I'd like to write a script that records the size of the close votes review queue on SO (currently ~95.5k), polling just a few times an hour, so I could plot a general trend. I know what I'm going to do regarding the parsing, i.e. given the following part of the HTTP response,

<div class="dashboard-num" title="95,508">95.5k</div>

I'd apply the regex


and split by \D and implode the array to leave only numbers, or something similar. (Yes, The Pony, He Comes, but this is a quick-and-dirty job during which I don't expect Stack Overflow's HTML to change.)

I don't currently have a UNIX / Linux setup, else I'd throw something together using cron, cURL, and Perl (or sed or awk if I'm feeling brave enough). What's the easiest way to do this on Windows? Is there some utility that's built to do this? I'm willing to install Cygwin and such software if it's indeed the easiest way (say, compared to writing batch scripts), but I'm hoping for some program into which I can supply a URL and regex and be on my way.

  • note that you can set GETs and recieve the response via Telnet. you can probably do everything you need to in powershell or even a .bat, but personally I'd do it in somthing like .net, python, or java. python install on windows can be a pain, or I'd just suggest it right off. Nov 25, 2013 at 19:44
  • windows does have vbscript and jscript and powershell. i've done regexes in vbscript. batch files are very primitive, no regexes there. But if you don't know vbscript or jscript or powershell, or even if you do, then it's still totally fine and good to install cygwin or gnuwin32, you can use *nix utilities.. wget, grep, sed e.t.c. I'm a big windows user but still make much use of those utilities from gnuwin32. And if I write a batch file I often use them too. Looking at your title i'd immediately think wget and grep or sed. or wget with perl one liner to do a sed task.
    – barlop
    Nov 25, 2013 at 20:03
  • I don't know about cron but there is windows task scheduler.
    – barlop
    Nov 25, 2013 at 20:08
  • @FrankThomas what about installing Python on Windows is a pain? Download the .msi from python.org, run, you're set. If you want extras, go to lfd.uci.edu/~gohlke/pythonlibs. What's so hard about that?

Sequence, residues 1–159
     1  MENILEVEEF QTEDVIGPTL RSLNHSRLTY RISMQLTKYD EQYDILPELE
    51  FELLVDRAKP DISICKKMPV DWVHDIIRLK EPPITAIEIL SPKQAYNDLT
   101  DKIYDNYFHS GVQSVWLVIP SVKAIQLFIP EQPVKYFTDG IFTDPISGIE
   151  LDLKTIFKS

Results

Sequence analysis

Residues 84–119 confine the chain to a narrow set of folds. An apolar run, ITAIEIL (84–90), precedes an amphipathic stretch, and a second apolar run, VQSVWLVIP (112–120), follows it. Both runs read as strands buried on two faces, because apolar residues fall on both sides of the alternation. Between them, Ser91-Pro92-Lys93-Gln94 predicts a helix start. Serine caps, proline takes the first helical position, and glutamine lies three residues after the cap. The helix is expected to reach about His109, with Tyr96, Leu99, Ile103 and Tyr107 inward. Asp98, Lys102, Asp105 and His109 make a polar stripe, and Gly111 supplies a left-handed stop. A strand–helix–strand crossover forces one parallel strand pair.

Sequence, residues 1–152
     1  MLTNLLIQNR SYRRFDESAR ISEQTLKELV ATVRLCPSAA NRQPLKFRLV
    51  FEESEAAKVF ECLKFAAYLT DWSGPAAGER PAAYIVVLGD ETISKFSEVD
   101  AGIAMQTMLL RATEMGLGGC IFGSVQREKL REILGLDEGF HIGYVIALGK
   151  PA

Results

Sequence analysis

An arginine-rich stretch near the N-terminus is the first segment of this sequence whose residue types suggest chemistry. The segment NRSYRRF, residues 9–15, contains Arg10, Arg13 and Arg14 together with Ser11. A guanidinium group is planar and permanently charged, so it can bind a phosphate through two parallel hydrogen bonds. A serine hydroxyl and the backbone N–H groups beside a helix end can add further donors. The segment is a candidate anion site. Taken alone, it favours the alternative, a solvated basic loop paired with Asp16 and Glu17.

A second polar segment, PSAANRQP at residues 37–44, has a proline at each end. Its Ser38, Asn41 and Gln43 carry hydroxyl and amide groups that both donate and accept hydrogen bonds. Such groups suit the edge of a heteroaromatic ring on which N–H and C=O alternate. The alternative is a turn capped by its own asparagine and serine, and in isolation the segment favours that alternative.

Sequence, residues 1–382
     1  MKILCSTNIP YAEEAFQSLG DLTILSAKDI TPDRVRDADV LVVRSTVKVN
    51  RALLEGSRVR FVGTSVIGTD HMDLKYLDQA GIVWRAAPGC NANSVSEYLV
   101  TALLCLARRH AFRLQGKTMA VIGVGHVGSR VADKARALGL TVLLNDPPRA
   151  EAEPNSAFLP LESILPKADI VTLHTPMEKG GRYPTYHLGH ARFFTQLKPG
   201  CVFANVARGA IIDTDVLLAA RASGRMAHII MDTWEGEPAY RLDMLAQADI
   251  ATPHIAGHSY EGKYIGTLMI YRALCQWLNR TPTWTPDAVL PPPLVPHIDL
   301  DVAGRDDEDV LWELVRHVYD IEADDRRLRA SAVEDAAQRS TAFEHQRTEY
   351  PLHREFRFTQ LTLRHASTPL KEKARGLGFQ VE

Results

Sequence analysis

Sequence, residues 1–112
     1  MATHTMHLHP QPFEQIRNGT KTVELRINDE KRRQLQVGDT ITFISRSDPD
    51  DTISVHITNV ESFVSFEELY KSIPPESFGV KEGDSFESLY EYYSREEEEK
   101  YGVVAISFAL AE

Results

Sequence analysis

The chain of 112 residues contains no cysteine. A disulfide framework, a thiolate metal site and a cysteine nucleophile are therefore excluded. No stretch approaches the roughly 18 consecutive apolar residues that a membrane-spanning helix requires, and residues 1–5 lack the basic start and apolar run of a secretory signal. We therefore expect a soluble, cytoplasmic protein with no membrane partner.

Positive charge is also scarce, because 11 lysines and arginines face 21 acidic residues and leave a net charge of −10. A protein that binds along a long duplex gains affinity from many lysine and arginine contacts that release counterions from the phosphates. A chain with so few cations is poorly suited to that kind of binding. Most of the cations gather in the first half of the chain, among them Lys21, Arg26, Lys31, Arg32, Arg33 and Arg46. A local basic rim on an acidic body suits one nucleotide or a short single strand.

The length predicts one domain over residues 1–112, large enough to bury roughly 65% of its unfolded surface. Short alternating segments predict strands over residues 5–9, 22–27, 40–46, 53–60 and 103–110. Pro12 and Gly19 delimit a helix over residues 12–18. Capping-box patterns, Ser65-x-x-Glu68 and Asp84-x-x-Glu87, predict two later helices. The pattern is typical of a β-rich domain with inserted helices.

– MattDMo
    Nov 25, 2013 at 23:16

1 Answer 1


Actually, while waiting for someone to suggest a magical program to solve my every need, I decided to give Cygwin a shot, and found it was easier to do than I thought.

I simply

  1. downloaded Cygwin,
  2. made sure to check curl, cron, and cygrunsrv during installation,
  3. followed the steps described in this question (well, actually, I ran into some problems, but some Google searches suggested installing via cron-config with defaults, entering ntsec for the daemon, and inputting my Windows password, which worked),
  4. set up the following crontab:
    * * * * * /home/andrew/cron/get_cvrq_size.sh
  5. set up the following get_cvrq_size.sh:
    curl https://stackoverflow.com/review \
        | grep dashboard-num \
        | head -1 \
        | sed 's/^.*<div class="dashboard-num" title="\([^"]\+\)".*$/\1/' \
        | sed 's/,//g' \
        | sed 's/^/'`date -Iseconds -u`',/' \
        >> /home/andrew/cron/cvrq_size.txt

and it's been working like a charm :-)

  • while running this every minute may be OK, don't be surprised if you get cut off at some point. Figure out your use case and send the minimum number of requests necessary. Server admins don't necessarily like scripts pinging their machines like this...
    – MattDMo
    Nov 25, 2013 at 23:20
  • 1
    even just the layout of how you did your piping (with the backslashes and new lines), is worthy of a +1
    – barlop
    Nov 26, 2013 at 11:45
  • Please do not use date -Iseconds -u (ISO-8601) as I did. I thought it was a decent standard but it turns out it's just a huge pain to convert—Perl, Python, and even Mathematica require external(ly compiled) libraries or custom methods to parse this format correctly (including timezones). Use date +%s instead, for seconds since epoch. Inspired by @Emracool. Dec 12, 2013 at 19:42

You must log in to answer this question.

Not the answer you're looking for? Browse other questions tagged .